Docklands & The Community

Before the establishment of the Dublin Docklands Development Authority in 1997 the local communities of North Wall and East Wall felt  alienated from the regeneration process that  surrounded them. After decades of unemployment and hardship following the decline of the docking industry they had learned not to expect much in the way of investment into their beleaguered area. When the plans for the IFSC were announced in the late 1980s they treated them with wariness and scepticism. Although the CHDDA was one of the first State organisations to impose a preferential employment policy for locals into the construction contracts, the operation of this policy angered some locals who considered that many employed were not genuinely from the area at all.

Relations between the Custom House Dock Development Authority and the community reached a nadir when a memo was leaked from the Minister for the Environment & Local Government of the time, Padraig Flynn, stating his intention to demolish  the Sherriff Street Flats and rehouse the residents elsewhere. Instantly the strong community spirit that already existed galvanised itself further to fight what the locals saw as a serious threat to their community.

Demonstrations ensued leaving the Department with no option but to give the locals a choice between inner suburban  housing, other houses under construction in the immediate vicinity or new ones being built on the northern section of the Sherriff Street site. The majority of locals elected to stay and be re-housed within the Area. Clearly this significant and well organised local population could not be ignored and would need to be integrated fully into any plans for the future of the area.

1997 - Present Day
This is exactly what the Dublin Docklands Area Master Plan 1997, which was essentially the manifesto of the newly established Dublin Docklands Development Authority, did.  It incorporated socio-economic issues and community-based concerns into the redevelopment equation. Community leaders were now given representation on the DDDA's council, giving the community a real say in directing investment into the area.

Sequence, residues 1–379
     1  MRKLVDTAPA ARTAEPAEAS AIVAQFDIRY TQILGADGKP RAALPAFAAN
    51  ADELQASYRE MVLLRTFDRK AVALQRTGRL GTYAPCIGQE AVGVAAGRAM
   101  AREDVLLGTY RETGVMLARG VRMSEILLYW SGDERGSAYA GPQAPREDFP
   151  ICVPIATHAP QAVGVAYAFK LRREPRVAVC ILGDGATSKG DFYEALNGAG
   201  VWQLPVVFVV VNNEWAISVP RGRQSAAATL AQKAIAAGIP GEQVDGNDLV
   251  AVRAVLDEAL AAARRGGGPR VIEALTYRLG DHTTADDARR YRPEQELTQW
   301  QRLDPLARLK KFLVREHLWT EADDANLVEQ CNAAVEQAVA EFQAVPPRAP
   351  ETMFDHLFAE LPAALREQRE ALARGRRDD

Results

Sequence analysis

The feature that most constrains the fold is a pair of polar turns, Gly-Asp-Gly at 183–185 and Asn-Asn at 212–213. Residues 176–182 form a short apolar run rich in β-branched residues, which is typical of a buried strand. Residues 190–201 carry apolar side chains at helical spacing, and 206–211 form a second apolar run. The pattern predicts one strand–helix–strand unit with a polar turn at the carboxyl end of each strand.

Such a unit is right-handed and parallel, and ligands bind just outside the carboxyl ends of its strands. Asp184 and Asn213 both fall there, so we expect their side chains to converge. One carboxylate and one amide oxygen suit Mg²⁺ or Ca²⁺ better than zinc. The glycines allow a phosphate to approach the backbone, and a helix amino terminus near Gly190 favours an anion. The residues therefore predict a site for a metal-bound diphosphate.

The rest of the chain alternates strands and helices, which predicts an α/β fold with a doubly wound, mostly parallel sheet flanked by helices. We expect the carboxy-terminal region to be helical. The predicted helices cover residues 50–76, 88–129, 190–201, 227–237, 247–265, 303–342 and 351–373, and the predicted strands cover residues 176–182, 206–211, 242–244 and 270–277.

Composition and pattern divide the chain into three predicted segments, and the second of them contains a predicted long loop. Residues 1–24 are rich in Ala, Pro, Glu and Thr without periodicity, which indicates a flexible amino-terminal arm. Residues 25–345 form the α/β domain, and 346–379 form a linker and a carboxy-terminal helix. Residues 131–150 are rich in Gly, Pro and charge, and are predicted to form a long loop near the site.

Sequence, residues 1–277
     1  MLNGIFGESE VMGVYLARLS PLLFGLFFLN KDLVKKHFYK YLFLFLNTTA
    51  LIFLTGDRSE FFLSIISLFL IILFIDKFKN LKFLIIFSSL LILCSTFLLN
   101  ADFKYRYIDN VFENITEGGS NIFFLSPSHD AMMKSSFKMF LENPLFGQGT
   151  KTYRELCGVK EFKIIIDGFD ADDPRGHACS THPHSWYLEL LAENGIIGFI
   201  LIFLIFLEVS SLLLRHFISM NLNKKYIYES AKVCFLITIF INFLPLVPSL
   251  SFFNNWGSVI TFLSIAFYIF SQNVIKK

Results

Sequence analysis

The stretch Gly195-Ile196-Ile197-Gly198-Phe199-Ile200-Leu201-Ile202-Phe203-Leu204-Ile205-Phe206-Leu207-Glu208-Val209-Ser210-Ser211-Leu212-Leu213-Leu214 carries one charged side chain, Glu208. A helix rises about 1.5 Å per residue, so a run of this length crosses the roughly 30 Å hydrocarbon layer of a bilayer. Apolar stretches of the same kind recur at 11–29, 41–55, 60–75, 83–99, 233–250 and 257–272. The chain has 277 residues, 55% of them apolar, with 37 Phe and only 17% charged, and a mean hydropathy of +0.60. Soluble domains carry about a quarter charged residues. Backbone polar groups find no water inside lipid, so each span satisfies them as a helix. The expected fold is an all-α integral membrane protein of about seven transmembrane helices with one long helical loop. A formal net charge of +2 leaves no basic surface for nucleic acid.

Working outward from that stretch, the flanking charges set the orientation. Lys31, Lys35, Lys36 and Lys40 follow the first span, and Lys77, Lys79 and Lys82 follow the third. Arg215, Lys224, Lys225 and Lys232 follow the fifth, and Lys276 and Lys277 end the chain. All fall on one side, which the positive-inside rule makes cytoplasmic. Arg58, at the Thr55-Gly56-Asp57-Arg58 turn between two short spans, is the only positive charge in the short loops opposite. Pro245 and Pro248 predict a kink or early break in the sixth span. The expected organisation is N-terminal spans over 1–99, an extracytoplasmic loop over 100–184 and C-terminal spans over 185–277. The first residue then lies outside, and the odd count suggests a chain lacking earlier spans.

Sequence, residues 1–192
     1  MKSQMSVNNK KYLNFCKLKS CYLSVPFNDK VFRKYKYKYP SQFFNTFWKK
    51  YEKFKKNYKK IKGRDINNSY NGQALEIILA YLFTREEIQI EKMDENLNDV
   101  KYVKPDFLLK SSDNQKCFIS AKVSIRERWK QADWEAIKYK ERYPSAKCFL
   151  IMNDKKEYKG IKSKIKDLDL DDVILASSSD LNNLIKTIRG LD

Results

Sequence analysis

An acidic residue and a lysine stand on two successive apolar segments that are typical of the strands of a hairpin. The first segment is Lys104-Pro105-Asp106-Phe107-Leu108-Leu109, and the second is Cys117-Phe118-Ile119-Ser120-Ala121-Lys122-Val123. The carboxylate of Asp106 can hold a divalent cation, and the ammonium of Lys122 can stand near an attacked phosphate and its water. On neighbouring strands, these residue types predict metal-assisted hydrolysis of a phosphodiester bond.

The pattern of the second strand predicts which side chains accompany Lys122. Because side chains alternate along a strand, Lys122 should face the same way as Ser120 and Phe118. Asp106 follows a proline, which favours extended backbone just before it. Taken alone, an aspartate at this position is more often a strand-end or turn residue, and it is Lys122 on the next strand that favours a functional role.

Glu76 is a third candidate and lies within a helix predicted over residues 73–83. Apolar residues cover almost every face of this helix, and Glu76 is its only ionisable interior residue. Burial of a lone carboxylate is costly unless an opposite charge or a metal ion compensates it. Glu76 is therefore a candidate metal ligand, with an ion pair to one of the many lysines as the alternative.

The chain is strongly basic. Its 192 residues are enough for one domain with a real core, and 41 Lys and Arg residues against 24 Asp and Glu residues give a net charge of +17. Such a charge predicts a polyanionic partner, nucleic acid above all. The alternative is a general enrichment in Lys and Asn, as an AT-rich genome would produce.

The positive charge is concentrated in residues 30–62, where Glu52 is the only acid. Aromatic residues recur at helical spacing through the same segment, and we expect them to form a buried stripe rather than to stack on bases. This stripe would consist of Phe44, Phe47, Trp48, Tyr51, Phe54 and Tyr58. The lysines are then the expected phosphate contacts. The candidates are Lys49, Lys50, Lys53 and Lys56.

Spencer Dock
The DDDA's handling of Treasury Holding's proposals for the Spencer Dock area of the North Lotts typified this rebalancing of power. The Spencer Dock Plan was in effect the biggest planning application ever lodged in Ireland. It involved a huge complex of skyscraping office blocks, centred on a landmark National Conference Centre, all designed by the top Irish emigre architect Kevin Roche of internationally reknowned Roche-Dinkeloo architects.

The massive scale of this £1.2 billion development would have dwarfed all other buildings in the area and would have overshadowed many locals' homes.  The community made its opposition known through demonstrations and more importantly on the council of the DDDA. The DDDA made it clear that it would never prepare a Scheme which would meet the aspirations of the development consortium for their site. Eventually, An Bord Pleanala (The Planning Board) refused permission for all the scheme except the NCC, much to the relief of the local community.

Education and Employment are other areas in which local interests are considered. The DDDA has initiated many different projects focusing on improving the education and economic prospects of people in the Docklands Area. Projects such as Parents in Education, the Schools Job Placement Programme and the DDDA/Reuters Third Level Scholarship have helped the people of Docklands fulfil their true potential. The arrival of the National College of Ireland Campus is a significant boost as 10% of all places are reserved for Docklands residents.

Social Housing Scheme
The key objective of this scheme is to allow the existing community to continue to live in Docklands and enjoy the social and economic regeneration of the Master Plan project. The provision of a wide range of new housing options are needed in the area, including both local authority and affordable housing, in order to achieve a good social mix.

It is for this reason that the DDDA requires that 20% of all new units are social and affordable housing. This is likely to represent approximately 2,200 homes by completion of regeneration. A good example of this scheme can be found in the Clarion Quay development designed by Urban Projects, where 37 units are managed by Cluid Housing Association. This is the first combined market and housing association development in the inner city with all the apartments being designed to the highest standard, enjoying dual aspect over landscaped gardens. Some of the apartments are duplex which gives families the benefits of a traditional house in a 21st century setting.

Posted by Reflecting City Team on Wednesday, September 17, 2008
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